The Lincoln Assassination On This Day (August 30 – September 5)

Taking inspiration from one of my favorite books, John Wilkes Booth: Day by Day by Art Loux, I’m documenting a different Lincoln assassination or Booth family event each day on my Twitter account. In addition to my daily #OTD (On This Day) tweets, each Sunday I’ll be posting them here for the past week. If you click on any of the pictures in the tweet, it will take you to its individual tweet page on Twitter where you can click to make the images larger and easier to see. Since Twitter limits the number of characters you can type in a tweet, I often include text boxes as pictures to provide more information. I hope you enjoy reading about the different events that happened over the last week.

NOTE: After weeks of creating posts with multiple embedded tweets, this site’s homepage now tends to crash from trying to load all the different posts with all the different tweets at once. So, to help fix this, I’ve made it so that those viewing this post on the main page have to click the “Continue Reading” button below to load the full post with tweets. Even after you open the post in a separate page, it may still take awhile for the tweets to load completely. Using the Chrome browser seems to be the best way to view the tweets, but may still take a second to switch from just text to the whole tweet with pictures.


August 30


August 31


September 1


September 2


September 3


September 4


September 5


Bonus

Here are a few other tweets from this week that I thought might interest folks.

On the first Friday of the month, the National Archives hosts an #ArchivesHashtagParty on Twitter. They encourage other archives and museums to tweet out pieces in their collection based around a different theme. This month’s theme was #ArchivesOldSchool. Even though I’m not an archive, I sometimes take part in the fun showing off things in different collections.

On a personal note, for the last week and a half I have been cheering on Team USA at the Paralympic games in Tokyo. Many of my tweets have centered around the progress of the Men’s Wheelchair Basketball team, the defending gold medal winners from the 2016 games in Rio. My brother Robb Taylor is an assistant coach for the team in addition to his full time job as the head coach for Auburn University’s Wheelchair Basketball team. Last night, the men’s team beat Japan in the gold medal game! I can’t help but brag on my brother’s third Paralympic gold medal:


That brings us up to today. Next Sunday I’ll write another post covering the #OTD tweets from this coming week. If you don’t want to wait until then and want to know each anniversary on the day it happens, follow me on Twitter! My username is @LinConspirators (Twitter has a character limit not only for tweets, but for usernames as well so I had to condense it). Even if you don’t want to join Twitter, you can still see my tweets by just visiting my Twitter page on the web. You can also see my tweets by looking at the sidebar of this website if you’re using a desktop or laptop computer, or at the bottom if you are visiting on a mobile device.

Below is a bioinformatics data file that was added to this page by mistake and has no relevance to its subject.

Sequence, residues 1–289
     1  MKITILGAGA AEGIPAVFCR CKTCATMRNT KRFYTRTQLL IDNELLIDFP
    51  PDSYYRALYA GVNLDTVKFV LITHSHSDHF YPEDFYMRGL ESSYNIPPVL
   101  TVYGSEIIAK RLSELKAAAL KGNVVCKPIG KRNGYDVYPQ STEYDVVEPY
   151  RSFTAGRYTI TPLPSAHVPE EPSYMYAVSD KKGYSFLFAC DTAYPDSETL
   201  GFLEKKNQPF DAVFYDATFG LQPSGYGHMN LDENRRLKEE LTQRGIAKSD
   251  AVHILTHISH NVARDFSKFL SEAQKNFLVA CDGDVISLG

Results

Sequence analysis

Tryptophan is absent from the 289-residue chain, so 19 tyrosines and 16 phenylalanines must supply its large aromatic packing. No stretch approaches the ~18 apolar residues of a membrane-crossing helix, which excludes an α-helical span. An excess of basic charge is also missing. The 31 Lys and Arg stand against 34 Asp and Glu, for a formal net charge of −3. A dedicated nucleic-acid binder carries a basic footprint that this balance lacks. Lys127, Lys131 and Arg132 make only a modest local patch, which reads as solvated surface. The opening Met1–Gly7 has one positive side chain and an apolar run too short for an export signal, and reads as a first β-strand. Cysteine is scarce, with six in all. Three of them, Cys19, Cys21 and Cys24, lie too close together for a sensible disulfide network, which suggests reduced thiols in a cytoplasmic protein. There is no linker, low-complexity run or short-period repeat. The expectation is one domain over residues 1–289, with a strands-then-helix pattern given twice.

Until next week!

Categories: History, OTD | Tags: , , , , , , , , , | 3 Comments

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3 thoughts on “The Lincoln Assassination On This Day (August 30 – September 5)

  1. t\\

    Thanks for all of these posts!

  2. Ernest Abel

    Hello,

    My husband, Ernest Abel passed away on 1/22/2022 of pancreatic cancer.
    Regards,
    Barbara Abel

    Sent from my iPhone

    • Barbara,

      I’m so sorry to hear of Ernie’s passing. I always tried to call him Dr. Abel but he always told me to call him Ernie. He was a very humble man and I very much enjoyed getting to know him through our interactions at the Surratt Conferences and through email. He was helpful to me when it came to medical issues regarding the Lincoln assassination. I have a very fond memory of him pushing back against a certain conspiracy theory piece of history proposed at a Surratt Conference one year by one of the speakers. Even though Ernie was just an audience member he didn’t back down to call the guy out on it. I always really liked Ernie after that. May his memory be a blessing.

      Dave Taylor

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